Open Access Case report

Congenital cystic eye associated with a low-grade cerebellar lesion that spontaneously regressed

Maria Giuseppina Cefalo1, Giovanna Stefania Colafati2, Antonino Romanzo3, Alessandra Modugno4, Rita De Vito5 and Angela Mastronuzzi1*

Author Affiliations

1 Haematology-Oncology Department, Bambino Gesù Children’s Hospital, IRCCS, Rome, Italy

2 Neuroradiology Department, Bambino Gesù Children's Hospital, IRCCS, Rome, Italy

3 Pediatric Ophthalmology Division, Bambino Gesù Children's Hospital, IRCCS, Rome, Italy

4 Ocularistica Italiana of Rome, Rome, Italy

5 Unit of Pathology, Bambino Gesù Children's Hospital, IRCCS, Rome, Italy

For all author emails, please log on.

BMC Ophthalmology 2014, 14:80  doi:10.1186/1471-2415-14-80

Published: 17 June 2014

Abstract

Background

Congenital cystic eye is an exceedingly rare ocular malformative disease, originated from the failure in the invagination of the optic vesicle during the fetal period and it can be associated with other ocular and non-ocular abnormalities. Diagnosis is based on clinical, radiological and histological features.

Case presentation

We report a case of a congenital cystic eye associated with a cerebellar lesion accidentally detected at magnetic resonance imaging. Biopsy of the mass has not been performed due to parental rejection. Based on radiologic features and absence of clinical signs, a low-grade glioma diagnosis was hypothesized, but histological characterization was not obtained. Follow-up neuro-imaging 6 months after diagnosis showed that intracranial lesion spontaneously regressed without any treatment.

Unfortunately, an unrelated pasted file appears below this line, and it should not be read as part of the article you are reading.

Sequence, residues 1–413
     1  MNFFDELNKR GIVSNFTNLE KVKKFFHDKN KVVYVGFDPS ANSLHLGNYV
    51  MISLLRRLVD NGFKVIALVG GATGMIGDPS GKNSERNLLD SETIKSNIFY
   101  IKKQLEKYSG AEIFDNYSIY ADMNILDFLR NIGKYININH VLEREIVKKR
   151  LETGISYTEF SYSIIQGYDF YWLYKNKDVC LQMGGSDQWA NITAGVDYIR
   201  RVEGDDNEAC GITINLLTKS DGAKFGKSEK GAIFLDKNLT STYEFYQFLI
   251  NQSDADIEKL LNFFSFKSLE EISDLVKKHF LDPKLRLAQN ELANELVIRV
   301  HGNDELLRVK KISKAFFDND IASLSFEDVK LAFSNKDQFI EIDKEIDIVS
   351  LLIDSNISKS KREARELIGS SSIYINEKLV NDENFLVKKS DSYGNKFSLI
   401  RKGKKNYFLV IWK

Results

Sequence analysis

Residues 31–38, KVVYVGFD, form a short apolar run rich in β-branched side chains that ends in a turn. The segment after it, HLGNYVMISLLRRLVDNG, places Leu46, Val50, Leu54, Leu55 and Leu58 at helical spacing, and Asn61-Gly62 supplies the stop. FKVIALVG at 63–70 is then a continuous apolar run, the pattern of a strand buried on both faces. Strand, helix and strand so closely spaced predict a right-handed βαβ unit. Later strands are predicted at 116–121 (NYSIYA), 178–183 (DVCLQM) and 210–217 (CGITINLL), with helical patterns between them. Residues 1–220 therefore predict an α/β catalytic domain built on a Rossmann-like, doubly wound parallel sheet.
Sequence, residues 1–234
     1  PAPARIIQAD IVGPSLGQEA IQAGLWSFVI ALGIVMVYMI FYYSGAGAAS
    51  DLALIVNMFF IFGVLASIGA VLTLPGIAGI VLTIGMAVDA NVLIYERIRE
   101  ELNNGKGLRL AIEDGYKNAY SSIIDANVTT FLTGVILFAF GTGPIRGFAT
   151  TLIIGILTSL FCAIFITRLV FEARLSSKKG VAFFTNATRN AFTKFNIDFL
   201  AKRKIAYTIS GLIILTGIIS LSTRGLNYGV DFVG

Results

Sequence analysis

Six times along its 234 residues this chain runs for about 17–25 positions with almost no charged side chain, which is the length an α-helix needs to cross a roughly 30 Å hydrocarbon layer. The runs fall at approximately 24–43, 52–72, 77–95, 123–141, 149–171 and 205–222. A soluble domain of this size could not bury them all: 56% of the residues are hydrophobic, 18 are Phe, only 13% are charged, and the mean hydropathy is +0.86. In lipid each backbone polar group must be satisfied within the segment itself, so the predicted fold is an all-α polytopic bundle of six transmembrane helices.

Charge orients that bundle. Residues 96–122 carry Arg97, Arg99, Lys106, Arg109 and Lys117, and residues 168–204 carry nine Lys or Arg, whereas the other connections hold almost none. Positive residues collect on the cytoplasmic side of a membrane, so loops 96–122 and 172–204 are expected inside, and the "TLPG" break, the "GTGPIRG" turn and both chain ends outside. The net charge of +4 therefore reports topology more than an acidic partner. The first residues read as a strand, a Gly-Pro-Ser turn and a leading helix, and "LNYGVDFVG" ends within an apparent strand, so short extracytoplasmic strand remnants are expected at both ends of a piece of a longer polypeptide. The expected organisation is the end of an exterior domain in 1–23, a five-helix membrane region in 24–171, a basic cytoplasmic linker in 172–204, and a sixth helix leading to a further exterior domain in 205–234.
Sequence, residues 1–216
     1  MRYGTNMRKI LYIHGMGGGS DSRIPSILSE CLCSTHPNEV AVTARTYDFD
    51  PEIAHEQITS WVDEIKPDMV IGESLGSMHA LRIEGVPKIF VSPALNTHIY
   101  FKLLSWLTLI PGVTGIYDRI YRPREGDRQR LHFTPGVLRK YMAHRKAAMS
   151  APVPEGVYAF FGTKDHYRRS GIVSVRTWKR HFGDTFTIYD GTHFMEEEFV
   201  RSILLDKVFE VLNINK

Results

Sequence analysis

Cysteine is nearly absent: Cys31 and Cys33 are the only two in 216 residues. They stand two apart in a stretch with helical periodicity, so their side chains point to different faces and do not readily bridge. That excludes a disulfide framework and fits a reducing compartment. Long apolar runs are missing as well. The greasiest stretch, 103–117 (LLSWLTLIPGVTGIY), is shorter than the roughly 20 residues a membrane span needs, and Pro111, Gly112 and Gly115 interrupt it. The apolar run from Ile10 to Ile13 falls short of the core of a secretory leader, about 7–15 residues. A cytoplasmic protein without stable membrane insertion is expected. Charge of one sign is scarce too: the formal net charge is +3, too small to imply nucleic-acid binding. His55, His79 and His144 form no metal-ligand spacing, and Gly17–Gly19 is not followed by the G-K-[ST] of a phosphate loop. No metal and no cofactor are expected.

Conclusion

Our report stresses the importance of early MRI in children with ocular malformations, in order to detect associated intracranial defects, also of non-malformative origin. Additionally, we debate the clinic-radiological features of the intracranial lesions that could allow a wait-and-see policy. We also recommend a strict clinical and neuro-imaging follow-up for these lesions. Finally, biological mechanisms at the base of spontaneous regression of the brain lesions are discussed.

Keywords:
Congenital cystic eye; Anophthalmia; Brain lesion; Spontaneous regression; Magnetic resonance imaging